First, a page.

The U.S. Securities and Exchange Commission (SEC) has not adequately addressed the climate disclosure deficiencies of publicly traded corporations, despite four-year-old formal guidance requiring companies to disclose material climate change risks, according to a report published Thursday by Ceres.
The report, Cool Response: The SEC and Climate Change Reporting, is based on a survey of more than 40,000 SEC comment letters sent to companies in the last four years and an analysis of the state of S&P 500 company reporting on climate disclosure through the end of 2013. It finds that the majority of financial reporting on climate change is too brief and largely superficial, and most companies are failing to meet SEC requirements.
“Investors want greater transparency on the business risks of climate change as a means to protect and increase shareholder value,” said Mindy Lubber, president of Ceres. “Yet the SEC is not adequately enforcing its own requirements.”
The SEC requires material climate change disclosure related to domestic and international regulatory risks; indirect effects of regulation or business trends; and physical risks, and evaluates companies’ filings to ensure compliance. Where a filing is not in compliance, the SEC discusses the issue in a comment letter sent to the company.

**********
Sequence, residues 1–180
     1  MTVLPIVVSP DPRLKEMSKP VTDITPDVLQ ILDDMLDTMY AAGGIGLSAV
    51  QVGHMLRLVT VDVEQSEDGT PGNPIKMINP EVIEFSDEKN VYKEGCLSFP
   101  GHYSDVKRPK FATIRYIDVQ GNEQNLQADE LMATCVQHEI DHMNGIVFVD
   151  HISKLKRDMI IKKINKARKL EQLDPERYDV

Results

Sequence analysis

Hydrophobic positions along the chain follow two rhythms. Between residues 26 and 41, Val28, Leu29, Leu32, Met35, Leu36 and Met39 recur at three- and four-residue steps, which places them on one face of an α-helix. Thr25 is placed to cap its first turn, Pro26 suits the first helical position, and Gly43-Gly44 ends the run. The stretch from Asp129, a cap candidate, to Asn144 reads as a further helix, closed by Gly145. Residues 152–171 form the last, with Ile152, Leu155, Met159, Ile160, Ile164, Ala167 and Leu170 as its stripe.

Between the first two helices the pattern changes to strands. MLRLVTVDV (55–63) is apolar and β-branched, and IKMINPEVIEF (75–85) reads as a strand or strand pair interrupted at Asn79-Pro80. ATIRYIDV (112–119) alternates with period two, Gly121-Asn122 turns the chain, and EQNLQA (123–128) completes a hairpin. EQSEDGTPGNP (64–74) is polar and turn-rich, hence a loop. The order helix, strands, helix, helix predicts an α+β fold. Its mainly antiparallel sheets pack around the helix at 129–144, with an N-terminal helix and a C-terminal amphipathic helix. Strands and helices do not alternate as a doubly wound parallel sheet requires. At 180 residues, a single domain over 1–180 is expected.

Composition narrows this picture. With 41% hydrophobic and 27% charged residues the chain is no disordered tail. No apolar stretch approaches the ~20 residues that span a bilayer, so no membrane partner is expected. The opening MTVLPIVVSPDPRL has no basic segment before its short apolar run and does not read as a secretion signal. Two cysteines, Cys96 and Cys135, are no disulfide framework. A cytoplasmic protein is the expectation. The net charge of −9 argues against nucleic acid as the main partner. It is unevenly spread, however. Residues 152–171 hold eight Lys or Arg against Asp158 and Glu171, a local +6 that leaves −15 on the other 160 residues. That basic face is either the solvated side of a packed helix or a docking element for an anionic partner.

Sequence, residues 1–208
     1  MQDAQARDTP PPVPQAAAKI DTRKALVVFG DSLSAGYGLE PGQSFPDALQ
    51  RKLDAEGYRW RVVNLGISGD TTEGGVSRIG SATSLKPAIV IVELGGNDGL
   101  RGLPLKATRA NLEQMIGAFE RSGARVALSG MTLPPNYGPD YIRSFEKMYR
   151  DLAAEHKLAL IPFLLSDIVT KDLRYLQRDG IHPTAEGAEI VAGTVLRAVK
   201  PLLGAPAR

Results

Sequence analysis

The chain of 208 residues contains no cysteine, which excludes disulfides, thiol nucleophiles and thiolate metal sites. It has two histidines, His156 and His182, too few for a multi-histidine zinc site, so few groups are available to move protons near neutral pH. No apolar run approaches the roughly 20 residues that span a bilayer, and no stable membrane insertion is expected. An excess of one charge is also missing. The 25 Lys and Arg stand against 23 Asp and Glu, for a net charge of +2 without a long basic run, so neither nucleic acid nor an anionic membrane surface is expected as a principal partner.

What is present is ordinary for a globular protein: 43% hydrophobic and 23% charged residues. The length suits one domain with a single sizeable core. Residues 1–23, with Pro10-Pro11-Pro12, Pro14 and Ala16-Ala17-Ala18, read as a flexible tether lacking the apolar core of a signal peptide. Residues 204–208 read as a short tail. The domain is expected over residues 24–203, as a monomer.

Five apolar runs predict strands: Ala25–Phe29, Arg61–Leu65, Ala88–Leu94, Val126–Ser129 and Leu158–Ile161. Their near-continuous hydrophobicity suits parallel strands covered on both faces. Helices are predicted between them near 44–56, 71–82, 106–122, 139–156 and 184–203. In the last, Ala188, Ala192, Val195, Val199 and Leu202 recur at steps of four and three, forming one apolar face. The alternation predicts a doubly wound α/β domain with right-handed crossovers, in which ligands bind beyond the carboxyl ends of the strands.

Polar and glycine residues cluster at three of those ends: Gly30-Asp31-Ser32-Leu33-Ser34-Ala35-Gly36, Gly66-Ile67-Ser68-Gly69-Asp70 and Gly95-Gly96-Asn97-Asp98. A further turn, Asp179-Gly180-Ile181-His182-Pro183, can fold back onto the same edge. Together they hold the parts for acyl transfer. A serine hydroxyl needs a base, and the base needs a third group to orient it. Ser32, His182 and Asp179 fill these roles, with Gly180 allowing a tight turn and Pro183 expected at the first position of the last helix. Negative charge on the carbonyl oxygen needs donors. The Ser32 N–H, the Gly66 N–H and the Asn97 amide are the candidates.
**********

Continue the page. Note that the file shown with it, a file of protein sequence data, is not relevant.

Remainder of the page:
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However, despite the low quality of corporate reporting on climate risk, the SEC sent climate-related comment letters to just three companies in 2012 and did not send any letters in 2013. Following the issuance of the guidelines in 2010-2011, some 49 comment letters were sent by the SEC.
“The fact that the SEC is slipping backward rather than driving progress on climate risk disclosure is troubling, especially since a large number of companies failed to say anything at all about climate change in their annual filings last year,” said Maryland State Treasurer Nancy Kopp. “Climate risks and opportunities are greater than ever before, yet it seems the Commission is paying less attention than when formal guidance was issued. It is my hope that the Commission will once again demonstrate leadership on this critical issue.”
Over 100 institutional investors around the world representing $7.6 trillion in assets formally supported the SEC’s issuance of guidance on climate risk disclosure in 2010, seeking to understand the material risks and opportunities for companies in various sectors. The report calls on the SEC to prioritize the disclosure of material climate risks, focusing on companies in the most at-risk sectors and on recent regulatory developments.
Last October, a coalition of 70 global investors managing more than $3 trillion in collective assets launched the first-ever coordinated effort to spur 45 of the world’s top oil and gas, coal and electric power companies to assess the financial risks that climate change poses to their business plans. The investors made up the Carbon Asset Risk (CAR) initiative, coordinated by Ceres and the Carbon Tracker initiative, with support from the Global Investor Coalition on Climate Change.
The SEC ought to pay more attention to climate change. Extreme weather events cost the United States $100 billion in 2012, most of which went towards federal crop, flood, wildfire and disaster relief, according to Ceres.